Cyprus ponders gas monetisation options
New natural gas discoveries offshore Cyprus have revived the possibility of the island hosting an LNG plant
Cyprus is finally in a position where it can realistically start exploring a number of ways of getting natural gas to market. Seven years after the first discovery in Cyprus' offshore economic exclusion zone (EEZ) — the Aphrodite field in Block 12 (4.5tn ft3 of gas in place) — the island has notched up two more finds.
Last year, an Eni-Total consortium struck gas at Calypso in Block 6 (estimated 3-5tn ft3). The most recent newcomer is Glaucus-1 (5-8tn ft3) in Block 10, discovered by ExxonMobil, partnered by Qatar Petroleum.
Energy minister Yiorgos Lakkotrypis, addressing Gulf Energy's Eastern Mediterranean Gas Conference in Nicosia in early March, said the "quality of the reservoir in Block 10 allows us to be optimistic about the very high recoverability potential" of the ExxonMobil discovery. Last year, the first well drilled on Block 10 failed to find commercial reserves. With the Glaucos success, "we are waiting for the remodelling or re-calibrating of geological data and will look again at Block 10 targets".
Sounding upbeat, Lakkotrypis was keen to move on to the subject of how to monetise "the discoveries we've had — and hopefully we'll be having some more". At present, the plan is for gas from Aphrodite to be exported to Egypt by pipeline. As for the other resources, "a number of parameters will determine what choice we will make, and until that moment comes we will be maturing all options together".
LNG option favoured
According to Andreas Koutsoulides, commercial manager of the state energy firm Cyprus Hydrocarbons Company (CHC), four monetisation options are under review. The first would involve the construction of an LNG plant at Vasilikos on the southern coast of Cyprus. In the aftermath of the Aphrodite discovery a plant site was prepared and a master plan drawn up. But the scheme was deemed commercially unviable, given the limited discoveries off Cyprus at the time. Koutsoulides adds the venture would require "a minimum threshold of 10-15tn ft3 of resources to enable such a plant to go ahead". The LNG proposal "is number one in terms of strategy because not only is it a solution that can bring upstream revenue to the country, but it will also have additional effects on the domestic economy in terms of employment and significant industrial activity".
"Cyprus should start developing LNG now and not wait" — Elinas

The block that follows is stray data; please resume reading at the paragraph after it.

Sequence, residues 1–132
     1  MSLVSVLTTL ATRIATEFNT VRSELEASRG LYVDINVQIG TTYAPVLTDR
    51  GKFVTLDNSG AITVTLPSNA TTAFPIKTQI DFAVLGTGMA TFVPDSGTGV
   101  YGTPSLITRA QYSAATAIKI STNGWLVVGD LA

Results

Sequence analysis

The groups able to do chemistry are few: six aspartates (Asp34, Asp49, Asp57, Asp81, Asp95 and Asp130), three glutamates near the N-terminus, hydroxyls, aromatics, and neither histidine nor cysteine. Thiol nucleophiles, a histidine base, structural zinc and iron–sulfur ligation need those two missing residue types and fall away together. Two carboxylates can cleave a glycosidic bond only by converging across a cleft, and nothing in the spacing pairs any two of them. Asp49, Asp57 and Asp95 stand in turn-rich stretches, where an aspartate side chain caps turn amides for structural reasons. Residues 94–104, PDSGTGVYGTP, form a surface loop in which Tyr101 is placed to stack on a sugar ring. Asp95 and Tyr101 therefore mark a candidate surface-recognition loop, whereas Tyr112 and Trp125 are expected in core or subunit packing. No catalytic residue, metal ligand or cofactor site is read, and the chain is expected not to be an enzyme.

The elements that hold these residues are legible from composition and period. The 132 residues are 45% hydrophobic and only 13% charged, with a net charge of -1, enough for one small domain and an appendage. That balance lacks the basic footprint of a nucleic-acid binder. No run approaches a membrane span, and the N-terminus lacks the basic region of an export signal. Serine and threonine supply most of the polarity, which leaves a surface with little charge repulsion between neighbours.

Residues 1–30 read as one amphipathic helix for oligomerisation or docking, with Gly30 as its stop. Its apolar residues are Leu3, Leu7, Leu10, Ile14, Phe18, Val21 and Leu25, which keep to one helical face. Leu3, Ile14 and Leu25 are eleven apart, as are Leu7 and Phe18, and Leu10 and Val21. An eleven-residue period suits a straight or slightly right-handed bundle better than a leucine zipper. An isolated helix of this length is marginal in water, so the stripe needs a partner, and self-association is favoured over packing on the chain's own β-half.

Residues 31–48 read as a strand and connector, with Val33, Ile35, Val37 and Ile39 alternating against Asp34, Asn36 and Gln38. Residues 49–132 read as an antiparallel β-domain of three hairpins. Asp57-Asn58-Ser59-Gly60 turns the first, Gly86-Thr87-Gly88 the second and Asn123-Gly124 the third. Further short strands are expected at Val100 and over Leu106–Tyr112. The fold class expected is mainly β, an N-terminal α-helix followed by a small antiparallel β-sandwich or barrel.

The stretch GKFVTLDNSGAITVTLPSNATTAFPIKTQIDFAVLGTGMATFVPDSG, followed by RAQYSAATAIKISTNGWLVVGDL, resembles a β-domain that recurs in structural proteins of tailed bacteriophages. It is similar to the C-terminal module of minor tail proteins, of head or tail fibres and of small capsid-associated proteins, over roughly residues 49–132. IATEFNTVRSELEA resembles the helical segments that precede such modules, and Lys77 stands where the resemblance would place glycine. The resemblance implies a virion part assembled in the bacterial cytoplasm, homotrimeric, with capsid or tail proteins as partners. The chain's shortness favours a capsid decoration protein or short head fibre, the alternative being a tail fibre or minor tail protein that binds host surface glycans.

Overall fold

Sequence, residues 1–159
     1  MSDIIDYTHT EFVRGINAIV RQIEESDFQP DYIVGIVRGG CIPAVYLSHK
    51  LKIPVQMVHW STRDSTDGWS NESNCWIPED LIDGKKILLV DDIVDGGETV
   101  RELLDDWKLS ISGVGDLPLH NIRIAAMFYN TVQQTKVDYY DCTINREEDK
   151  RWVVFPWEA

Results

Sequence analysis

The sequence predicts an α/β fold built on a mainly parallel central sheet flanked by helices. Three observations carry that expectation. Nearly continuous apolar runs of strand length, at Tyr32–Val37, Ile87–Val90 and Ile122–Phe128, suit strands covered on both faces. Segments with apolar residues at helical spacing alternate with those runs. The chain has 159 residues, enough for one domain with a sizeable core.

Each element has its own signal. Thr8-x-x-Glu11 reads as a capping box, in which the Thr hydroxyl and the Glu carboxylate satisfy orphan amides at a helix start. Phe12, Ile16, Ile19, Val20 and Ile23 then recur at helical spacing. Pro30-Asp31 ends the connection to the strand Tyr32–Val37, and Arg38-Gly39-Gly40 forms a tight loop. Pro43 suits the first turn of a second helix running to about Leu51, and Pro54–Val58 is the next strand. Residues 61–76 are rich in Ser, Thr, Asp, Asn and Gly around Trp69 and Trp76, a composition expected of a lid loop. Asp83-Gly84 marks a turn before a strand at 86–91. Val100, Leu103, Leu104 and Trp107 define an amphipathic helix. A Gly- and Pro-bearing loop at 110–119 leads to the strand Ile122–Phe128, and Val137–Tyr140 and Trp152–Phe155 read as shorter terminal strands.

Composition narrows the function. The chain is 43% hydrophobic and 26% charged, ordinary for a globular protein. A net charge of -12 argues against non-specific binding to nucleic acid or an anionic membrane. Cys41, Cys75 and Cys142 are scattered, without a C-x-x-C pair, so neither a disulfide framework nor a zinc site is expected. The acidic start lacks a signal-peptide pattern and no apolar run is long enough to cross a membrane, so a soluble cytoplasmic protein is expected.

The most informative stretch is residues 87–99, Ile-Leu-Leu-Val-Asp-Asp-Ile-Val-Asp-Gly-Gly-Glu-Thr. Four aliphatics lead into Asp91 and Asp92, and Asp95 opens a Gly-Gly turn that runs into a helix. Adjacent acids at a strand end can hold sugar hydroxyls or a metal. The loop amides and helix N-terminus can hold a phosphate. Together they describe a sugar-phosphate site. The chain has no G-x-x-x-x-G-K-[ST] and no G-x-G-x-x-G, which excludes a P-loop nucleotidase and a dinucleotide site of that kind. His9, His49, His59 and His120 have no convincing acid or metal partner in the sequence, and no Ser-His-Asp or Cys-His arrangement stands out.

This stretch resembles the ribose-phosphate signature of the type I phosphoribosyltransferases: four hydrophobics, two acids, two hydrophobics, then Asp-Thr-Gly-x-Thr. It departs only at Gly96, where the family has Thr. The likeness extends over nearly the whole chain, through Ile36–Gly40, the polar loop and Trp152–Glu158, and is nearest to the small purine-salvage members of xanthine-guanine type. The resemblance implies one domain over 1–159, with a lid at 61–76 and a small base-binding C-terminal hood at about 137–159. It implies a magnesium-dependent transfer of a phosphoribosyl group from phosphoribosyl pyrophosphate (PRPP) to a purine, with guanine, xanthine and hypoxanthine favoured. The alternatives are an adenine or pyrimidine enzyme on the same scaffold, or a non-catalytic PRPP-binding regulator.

The second option is to export gas to the Egyptian market. The CHC executive sees potential demand in the domestic Egyptian market and for liquefaction, with capacity in the two existing LNG plants, Idku and Damietta. Plans for monetising Aphrodite gas "are crystallising towards Egypt because of the supply and demand structure there, the availability of infrastructure and changes in the gas market regulatory framework".
The third option is for a floating LNG plant, which offers "tried-and-tested technology and we are looking at that very seriously. A floating facility gives lots of flexibility to move onto another field. Also, the threshold for the resources required to get a project up and running is lower than for an onshore facility."
Pipeline to Europe
The final option is the East Med Gas Pipeline project that envisages natural gas from Israel and Cyprus being transported for sale in the markets of northern Europe. "There has been a sharp decline in Europe's energy supply," Koutsoulides says, "and they have been looking for years for diversification of supply." FEED studies for the project have started.
In the view of East Med energy consultant Charles Ellinas, the Cypriot authorities should concentrate on the first of the four options: an onshore LNG plant—" a three-train facility to keep the unit costs down." The gas resources could come from fields offshore Cyprus, and from the Leviathan field off Israel (22tn ft3 of gas in place). The Leviathan project, Ellinas says, "is having some troubles finding customers". Future finds from fields offshore Israel operated by Energean might also find their way to Cyprus for liquefaction. A company spokesman tells Petroleum Economist that Energean is "examining all potential export routes for its gas fields in Israel".
Attracting Israeli gas to Cyprus could be geopolitically advantageous for the island. Turkey, which opposes the exploitation of Cypriot gas while the island remains divided and which claims sovereignty of some of Cyprus' EEZ, says it plans to drill off southern Cyprus—a potentially destabilising prospect for the Cypriot energy sector. But such a move could also threaten Israel's interests, if its gas reached the island; and Turkey might think twice before risking confrontation with Israel.